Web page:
- Provide NHS care at home, wherever possible; virtually or online by preference. This includes GP and hospital outpatient appointments, e.g. using tools such as AttendAnywhere. Particular focus should be paid to supporting those who may have the greatest challenges in accessing care remotely, to reduce health inequalities. Where remote service delivery is not possible, it should be via safe (i.e. infection controlled) general practice or community health service home visiting where clinically necessary. Systems should expand and resource all relevant home-based services, such as a home-visiting phlebotomy service.
- Wherever care at home is not possible, provide safe NHS care in infection-controlled clinical settings, in line with latest infection prevention and control guidance. For, example for invasive treatments, diagnostic tests or procedures. In such cases, identify a safe location and ensure the patient has safe ‘door-to-door’ transport (see requirements for patient transport). All NHS providers can access the Summary Care Record Application (SCRa) which has a specific flag for every patient currently recorded as being shielded. Advance warning should be given when a clinically extremely vulnerable patient is to attend an NHS site and can make additional adjustments, wherever possible, to further reduce exposure. This can be confirmed via pre-appointment checks or the Summary Care Record application**. Ambulances should also let emergency departments know where they are conveying a patient who is clinically extremely vulnerable. Any paperwork or information about their care plans should accompany the individual and be given to the hospital team. Clinically extremely vulnerable patients have been asked to prepare a single hospital bag for these situations.
- Provide regular checks and treatment. Ensure patients continue to access regular checks, screening and treatment*** where needed, both for both physical health and mental wellbeing. In specialties such as audiology, dentistry and eye care careful consideration should be given to the benefits of intervention against the potential risks, if remote checks are not possible. These regular checks and treatments should form part of an individual’s care plan or health ‘passport’. Everyone in the clinically extremely vulnerable group should be given access to the seasonal flu vaccine.
- Ensure rapid access urgent and emergency care. In the event of a rapid deterioration, and in alignment with the patient’s wishes, patients needing urgent or emergency treatment should be conveyed to hospital as quickly as possible. Before attending hospital, they should call 111 or 999, so that the ambulance service and hospital can make necessary arrangements to deliver safe care.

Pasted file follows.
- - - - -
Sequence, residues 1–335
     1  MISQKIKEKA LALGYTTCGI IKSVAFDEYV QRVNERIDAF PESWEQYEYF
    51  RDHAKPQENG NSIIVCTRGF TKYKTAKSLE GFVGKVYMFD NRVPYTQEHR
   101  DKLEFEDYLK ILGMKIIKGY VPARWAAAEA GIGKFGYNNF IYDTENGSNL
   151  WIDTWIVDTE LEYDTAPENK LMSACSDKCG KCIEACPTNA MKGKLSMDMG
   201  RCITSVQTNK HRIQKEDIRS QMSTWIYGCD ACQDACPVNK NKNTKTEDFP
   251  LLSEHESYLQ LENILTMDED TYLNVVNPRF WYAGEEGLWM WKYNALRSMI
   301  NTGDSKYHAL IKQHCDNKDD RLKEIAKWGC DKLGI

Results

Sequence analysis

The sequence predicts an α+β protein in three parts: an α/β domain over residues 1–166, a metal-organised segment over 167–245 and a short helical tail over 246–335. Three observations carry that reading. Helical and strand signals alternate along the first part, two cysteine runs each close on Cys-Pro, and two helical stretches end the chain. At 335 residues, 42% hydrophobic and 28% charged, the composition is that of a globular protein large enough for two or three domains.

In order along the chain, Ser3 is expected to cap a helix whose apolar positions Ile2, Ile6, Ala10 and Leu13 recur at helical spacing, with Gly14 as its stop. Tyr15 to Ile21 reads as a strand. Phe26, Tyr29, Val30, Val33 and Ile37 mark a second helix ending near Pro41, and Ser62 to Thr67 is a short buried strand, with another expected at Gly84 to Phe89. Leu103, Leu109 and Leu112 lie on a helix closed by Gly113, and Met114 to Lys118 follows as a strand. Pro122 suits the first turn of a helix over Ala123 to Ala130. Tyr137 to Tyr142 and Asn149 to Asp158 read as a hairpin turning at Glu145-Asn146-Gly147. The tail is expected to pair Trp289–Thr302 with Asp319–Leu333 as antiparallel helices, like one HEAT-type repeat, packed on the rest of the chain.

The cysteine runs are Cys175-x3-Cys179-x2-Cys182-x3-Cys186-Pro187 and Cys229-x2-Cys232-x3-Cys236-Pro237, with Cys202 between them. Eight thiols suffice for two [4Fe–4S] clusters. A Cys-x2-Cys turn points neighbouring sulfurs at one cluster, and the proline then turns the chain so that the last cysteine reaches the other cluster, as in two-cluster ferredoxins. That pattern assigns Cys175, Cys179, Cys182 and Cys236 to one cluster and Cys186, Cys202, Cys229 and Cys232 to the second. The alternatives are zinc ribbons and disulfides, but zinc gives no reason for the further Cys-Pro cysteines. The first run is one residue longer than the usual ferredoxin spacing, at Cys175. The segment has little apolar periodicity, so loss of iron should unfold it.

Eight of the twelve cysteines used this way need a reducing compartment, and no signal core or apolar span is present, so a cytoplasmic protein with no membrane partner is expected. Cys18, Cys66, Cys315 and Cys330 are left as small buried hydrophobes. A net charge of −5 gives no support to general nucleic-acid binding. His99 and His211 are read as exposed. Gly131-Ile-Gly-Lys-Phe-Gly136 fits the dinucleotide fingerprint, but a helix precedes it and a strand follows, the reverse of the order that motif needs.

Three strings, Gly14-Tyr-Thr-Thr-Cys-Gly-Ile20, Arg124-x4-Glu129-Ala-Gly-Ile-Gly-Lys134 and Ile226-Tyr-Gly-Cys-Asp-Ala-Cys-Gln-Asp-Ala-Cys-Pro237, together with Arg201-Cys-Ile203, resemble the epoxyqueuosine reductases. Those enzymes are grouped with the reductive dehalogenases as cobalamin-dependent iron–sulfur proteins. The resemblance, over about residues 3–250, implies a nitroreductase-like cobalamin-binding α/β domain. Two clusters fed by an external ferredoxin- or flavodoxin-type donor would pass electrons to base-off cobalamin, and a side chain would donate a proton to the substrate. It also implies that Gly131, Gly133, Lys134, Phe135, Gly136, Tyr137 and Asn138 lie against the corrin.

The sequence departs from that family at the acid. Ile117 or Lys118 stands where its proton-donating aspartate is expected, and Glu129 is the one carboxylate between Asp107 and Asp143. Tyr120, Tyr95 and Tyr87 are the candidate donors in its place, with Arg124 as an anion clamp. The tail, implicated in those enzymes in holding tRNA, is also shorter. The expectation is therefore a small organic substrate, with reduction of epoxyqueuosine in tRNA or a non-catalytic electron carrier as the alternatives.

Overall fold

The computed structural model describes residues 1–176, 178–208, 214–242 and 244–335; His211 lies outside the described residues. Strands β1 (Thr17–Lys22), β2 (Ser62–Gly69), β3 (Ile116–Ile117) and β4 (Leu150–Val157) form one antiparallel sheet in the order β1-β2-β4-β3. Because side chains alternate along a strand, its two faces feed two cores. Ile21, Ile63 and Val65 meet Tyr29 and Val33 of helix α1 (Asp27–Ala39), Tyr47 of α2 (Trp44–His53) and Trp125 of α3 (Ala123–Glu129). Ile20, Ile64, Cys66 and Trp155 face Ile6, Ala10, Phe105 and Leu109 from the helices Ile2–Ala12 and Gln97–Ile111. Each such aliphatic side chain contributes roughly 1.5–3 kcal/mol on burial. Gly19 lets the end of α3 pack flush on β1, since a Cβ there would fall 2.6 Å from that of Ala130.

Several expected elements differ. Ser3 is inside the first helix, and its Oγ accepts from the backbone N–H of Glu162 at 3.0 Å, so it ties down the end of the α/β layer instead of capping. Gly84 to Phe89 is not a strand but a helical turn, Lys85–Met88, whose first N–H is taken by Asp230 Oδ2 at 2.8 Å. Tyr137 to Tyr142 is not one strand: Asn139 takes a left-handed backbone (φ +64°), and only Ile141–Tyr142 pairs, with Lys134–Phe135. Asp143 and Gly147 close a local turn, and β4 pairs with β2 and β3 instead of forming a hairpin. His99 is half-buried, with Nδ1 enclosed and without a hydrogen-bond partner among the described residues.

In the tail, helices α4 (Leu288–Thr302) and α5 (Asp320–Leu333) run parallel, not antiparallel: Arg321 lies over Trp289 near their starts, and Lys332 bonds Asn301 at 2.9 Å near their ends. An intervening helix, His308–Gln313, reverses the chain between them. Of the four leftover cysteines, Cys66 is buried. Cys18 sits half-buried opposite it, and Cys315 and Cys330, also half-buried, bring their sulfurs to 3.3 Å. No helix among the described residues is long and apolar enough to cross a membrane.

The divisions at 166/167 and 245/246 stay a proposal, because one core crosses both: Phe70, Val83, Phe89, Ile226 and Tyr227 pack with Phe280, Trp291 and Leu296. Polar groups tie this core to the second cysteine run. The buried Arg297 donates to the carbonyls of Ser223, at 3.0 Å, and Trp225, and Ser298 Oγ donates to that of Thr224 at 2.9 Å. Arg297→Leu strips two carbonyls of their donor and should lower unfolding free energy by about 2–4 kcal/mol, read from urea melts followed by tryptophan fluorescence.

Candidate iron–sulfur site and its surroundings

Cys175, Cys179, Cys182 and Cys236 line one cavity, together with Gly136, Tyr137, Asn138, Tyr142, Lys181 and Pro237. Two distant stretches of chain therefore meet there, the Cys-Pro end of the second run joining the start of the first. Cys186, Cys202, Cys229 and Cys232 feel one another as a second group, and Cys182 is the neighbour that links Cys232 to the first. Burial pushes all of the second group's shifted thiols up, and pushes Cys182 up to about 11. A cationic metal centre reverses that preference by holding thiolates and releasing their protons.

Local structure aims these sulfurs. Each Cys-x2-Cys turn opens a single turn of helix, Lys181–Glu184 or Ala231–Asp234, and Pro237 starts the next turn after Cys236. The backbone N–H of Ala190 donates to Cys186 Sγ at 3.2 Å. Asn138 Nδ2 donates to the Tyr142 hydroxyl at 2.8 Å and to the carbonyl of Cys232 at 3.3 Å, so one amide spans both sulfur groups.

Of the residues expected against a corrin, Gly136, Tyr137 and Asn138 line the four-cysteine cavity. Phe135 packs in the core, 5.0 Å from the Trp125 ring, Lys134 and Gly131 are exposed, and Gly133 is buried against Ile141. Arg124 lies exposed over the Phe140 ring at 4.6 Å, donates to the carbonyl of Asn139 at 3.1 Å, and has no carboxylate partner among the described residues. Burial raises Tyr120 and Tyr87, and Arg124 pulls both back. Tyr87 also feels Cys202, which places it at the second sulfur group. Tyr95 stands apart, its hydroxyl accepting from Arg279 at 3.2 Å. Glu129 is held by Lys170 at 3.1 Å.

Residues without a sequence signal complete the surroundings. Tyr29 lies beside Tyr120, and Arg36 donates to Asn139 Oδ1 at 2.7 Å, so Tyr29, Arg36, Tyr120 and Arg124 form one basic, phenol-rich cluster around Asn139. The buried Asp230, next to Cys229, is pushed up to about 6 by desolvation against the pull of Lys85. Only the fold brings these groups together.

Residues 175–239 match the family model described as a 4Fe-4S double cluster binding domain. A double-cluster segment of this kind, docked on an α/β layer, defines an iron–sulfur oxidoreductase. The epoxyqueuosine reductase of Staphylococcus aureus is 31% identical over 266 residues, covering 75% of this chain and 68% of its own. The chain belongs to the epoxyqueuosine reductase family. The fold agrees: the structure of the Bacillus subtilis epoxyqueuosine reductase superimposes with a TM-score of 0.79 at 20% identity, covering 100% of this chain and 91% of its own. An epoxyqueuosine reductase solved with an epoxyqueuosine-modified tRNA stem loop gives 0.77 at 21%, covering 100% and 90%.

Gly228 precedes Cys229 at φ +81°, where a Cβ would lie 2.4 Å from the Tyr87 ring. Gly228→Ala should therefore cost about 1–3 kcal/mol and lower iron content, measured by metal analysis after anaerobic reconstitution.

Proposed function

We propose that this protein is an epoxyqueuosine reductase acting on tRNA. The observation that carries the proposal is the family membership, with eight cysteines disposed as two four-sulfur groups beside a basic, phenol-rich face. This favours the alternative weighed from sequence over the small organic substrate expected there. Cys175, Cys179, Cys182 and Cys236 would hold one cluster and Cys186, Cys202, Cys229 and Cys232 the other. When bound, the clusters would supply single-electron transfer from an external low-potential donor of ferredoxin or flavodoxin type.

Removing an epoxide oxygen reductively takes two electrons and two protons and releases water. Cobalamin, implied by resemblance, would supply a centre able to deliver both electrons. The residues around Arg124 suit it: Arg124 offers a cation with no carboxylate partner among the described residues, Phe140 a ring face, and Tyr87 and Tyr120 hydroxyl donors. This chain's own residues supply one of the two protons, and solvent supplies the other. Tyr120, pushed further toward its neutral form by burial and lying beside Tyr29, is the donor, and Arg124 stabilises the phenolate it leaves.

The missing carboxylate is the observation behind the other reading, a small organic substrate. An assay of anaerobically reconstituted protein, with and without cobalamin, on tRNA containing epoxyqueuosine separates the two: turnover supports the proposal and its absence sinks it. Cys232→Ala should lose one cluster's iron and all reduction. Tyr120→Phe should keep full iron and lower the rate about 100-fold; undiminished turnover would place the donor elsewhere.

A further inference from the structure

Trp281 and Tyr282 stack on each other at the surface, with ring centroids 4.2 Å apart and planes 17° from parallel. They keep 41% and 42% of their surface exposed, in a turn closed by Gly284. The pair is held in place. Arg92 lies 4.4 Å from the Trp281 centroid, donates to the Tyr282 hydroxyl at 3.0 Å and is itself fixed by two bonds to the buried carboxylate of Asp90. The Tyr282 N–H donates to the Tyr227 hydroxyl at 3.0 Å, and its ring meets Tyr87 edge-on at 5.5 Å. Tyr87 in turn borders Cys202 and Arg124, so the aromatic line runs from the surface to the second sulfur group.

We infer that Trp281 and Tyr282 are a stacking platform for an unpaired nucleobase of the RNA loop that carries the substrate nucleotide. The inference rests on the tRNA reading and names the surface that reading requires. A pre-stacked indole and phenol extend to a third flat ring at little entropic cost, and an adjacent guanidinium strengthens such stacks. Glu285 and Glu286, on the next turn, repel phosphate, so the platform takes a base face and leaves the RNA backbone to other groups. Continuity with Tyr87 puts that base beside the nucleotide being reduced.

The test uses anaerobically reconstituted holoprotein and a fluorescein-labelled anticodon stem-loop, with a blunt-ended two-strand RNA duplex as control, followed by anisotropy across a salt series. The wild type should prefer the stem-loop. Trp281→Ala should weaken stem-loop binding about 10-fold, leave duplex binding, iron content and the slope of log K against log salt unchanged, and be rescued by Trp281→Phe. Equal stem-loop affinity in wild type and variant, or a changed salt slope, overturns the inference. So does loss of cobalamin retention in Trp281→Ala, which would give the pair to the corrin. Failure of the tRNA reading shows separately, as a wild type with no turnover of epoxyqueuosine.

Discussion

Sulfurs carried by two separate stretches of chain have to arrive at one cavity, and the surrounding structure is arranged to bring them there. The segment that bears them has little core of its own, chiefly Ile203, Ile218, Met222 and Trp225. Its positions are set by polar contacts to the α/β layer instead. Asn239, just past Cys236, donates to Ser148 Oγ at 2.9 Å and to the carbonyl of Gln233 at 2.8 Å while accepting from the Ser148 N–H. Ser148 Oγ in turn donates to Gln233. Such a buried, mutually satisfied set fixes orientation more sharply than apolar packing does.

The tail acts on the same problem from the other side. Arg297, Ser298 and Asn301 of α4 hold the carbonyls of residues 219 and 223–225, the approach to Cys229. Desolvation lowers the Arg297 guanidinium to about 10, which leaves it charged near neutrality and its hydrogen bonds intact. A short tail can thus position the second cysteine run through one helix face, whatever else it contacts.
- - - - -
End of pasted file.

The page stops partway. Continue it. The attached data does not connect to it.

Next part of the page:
- Make every contact count, to deliver more than one check or treatment when visiting someone’s home and coordinating activity across primary, community, mental health and hospital care, i.e. taking a multi-disciplinary approach to care. This is particularly important to ensure regular mental health and safeguarding checks, which may involve upskilling some staff, or clinicians working in innovative ways across disciplines. It is as true for urban as rural areas.
*In line with current policies and procedures, care should be adjusted to reflect and adequately respond to an individual’s disability, ability to comprehend and converse; ensuring everyone can access the same safe care
**Patients identified as being clinically extremely vulnerable are recorded as such in their summary care record, and this is also visible in the “additional information” section of the SCR which is shared across the system unless the patient has dissented from this
***Examples of regular checks and treatments include: immunisations and vaccinations, developmental checks, safeguarding checks, flu jabs, dental care, eye care, audiology, chiropody, phlebotomy, medicine review s, physical health checks for people w ith severe mental illnesses, learning disabilities and autism, mental health assessment and treatment (by IAPT or secondary mental health care services)
Clinicians in England identified specific medical conditions that, based on what we knew about the virus so far, place someone at greatest risk of severe illness from COVID-19. These were signed off by the UK Senior Clinicians Group (including four United Kingdom Chief Medical Officers and clinical leadership at NHSE, NHSD, and PHE).
Patients were identified in four groups:
Group 1: Identification of a core group of patients who have been contacted centrally by the NHS. Most patients with the conditions below have been identified by NHS Digital and letters have been sent to them advising that they should follow shielding measures for the next 12 weeks.